How to Prepare to Fry an Egg and Prevent a Mess
These eggs are going to get fried, and not just for breakfast.
Photos by John Kiely
I am not going to tell you how to fry an egg. If you can spell it "egg" instead of "eg," then you can fry an egg. No, this is about the preparation to fry an egg, to make it easier to do in the morning when you may have ten other things going on while you cook breakfast, and to make cleanup easier.
1. Get an Egg Pan
A skillet with a non-stick surface gets great results and is easy to clean, but many of them are flimsy aluminum models with bad heat retention. I'll highly recommend the Calphalon 1390 ten-inch skillet, with a heavy disk of conducting metal on the bottom. The pan costs $30 at Target, but even the finest non-stick coating rarely lasts more than three years, so think of it as leasing a skillet for $10 a year.
Check out the heat disk on the bottom. The handle is comfortable and insulated.
Cast-iron skillets work beautifully, but they're heavy and high-maintenance, and there's a supertaster in my house who can taste the iron, and hates it.
2. Buy The Right Eggs
Sun-Up brand large eggs in the yellow carton are common in Houston. They are produced by Cal-Maine, the company that sells pricier red-stamped Eggland's Best.
A mass-produced brown egg is neither tastier nor healthier than a white egg. The only difference in taste would come from the way the eggs are raised. I've had some free-range chicken eggs that were noticeably tastier than regular eggs, but I'm not that particular.
Some urbanites are raising chickens in their backyards to get "yard eggs". In fact, I received some yard eggs from a co-worker. They were more delicious than store eggs, and their yolks had a deep-yellow color. However, six of them had those tiny black spots on the yolk and one of the 12 eggs was fresh but nasty -- no telling what kind of worm (or worse) the chicken ate before laying that stinker.
3. Preheat the Pan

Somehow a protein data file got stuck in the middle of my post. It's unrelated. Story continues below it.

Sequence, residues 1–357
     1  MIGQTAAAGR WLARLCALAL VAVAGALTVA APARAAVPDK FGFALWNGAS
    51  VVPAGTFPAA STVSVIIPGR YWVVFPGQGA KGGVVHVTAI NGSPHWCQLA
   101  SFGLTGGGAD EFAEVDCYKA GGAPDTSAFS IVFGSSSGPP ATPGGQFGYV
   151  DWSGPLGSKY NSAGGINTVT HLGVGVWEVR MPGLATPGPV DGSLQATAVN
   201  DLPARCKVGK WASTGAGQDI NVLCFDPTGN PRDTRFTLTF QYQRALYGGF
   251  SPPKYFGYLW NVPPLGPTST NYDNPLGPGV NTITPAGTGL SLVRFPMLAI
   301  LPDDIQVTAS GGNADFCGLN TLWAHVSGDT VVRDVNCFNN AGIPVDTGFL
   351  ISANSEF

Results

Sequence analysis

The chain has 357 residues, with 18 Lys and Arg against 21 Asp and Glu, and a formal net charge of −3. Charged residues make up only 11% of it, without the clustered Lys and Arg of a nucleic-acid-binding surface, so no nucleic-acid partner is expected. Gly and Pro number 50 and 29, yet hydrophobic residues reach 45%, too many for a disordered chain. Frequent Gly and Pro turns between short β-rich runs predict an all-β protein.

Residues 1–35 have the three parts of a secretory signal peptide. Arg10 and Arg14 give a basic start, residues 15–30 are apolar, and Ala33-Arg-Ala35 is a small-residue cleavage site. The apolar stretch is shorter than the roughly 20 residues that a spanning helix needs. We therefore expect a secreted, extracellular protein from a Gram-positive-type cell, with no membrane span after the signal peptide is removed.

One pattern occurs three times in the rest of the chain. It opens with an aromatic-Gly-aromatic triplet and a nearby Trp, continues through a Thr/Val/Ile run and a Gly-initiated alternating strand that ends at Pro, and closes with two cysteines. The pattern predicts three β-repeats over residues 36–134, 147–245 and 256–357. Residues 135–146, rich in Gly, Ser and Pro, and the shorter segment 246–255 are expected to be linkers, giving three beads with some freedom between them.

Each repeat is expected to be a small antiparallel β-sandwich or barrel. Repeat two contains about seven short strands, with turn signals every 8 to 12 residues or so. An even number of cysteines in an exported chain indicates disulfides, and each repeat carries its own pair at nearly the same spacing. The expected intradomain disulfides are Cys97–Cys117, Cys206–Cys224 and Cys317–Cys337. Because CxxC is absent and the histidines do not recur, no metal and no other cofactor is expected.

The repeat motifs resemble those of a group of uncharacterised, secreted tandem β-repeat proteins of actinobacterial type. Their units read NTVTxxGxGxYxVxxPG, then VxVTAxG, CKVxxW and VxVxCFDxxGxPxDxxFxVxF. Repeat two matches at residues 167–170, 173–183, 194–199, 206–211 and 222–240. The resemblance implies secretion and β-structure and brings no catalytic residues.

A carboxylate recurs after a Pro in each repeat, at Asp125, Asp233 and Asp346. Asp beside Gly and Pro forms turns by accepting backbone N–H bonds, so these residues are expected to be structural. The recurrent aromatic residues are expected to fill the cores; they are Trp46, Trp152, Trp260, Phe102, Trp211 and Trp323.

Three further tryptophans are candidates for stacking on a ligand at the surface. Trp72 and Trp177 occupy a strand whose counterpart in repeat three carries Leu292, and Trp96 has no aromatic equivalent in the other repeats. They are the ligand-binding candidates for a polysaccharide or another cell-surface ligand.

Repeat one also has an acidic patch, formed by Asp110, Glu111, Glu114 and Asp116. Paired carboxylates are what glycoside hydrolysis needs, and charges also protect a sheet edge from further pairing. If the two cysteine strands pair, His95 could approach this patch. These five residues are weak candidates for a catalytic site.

I turn the heat to medium to start with, and put a splash of water in the pan. When the water boils, the pan is hot enough for eggs. This keeps the pan from overheating, which can result from the non-stick coating peeling off a few days later.
When the water boils, the pan is hot enough.
4. Pull Out a Lazy Plate
It's not lazy to pull a plate out of the cupboard. I call it a lazy plate because it keeps me from having to clean up egg whites from the counter when I crack the eggs, and to prevent this amusing conflict.
It's so much easier to rinse a dish than to wash a counter.
5. Crack the Eggs on a Flat Surface
A solid smack on a flat surface keeps the shells from going into the egg whites, and ultimately into your pan. Sure, a chef at Benihana can flip an egg into the air and crack it on the edge of his spatula as the egg comes down, but I often see the chefs picking up eggshell pieces from the hibachi. If a piece of the shell gets into the pan, use one of the cracked halves to scoop it out, or wet a spoon to keep the metal from repelling the eggshell piece and fish it out with the spoon.
6. Let the Butter Bubble
After adding butter to the skillet, let the foam subside -- the butter is now hot enough to fry the egg. I drop the eggs into the pan at medium heat, as this keeps the eggs from spreading too thin, and I turn down the heat to medium-low. But that's just how I do it. Like I said, I'm not going to be the one who tells you how to fry an egg.
I am not going to tell you how to finish frying these eggs.
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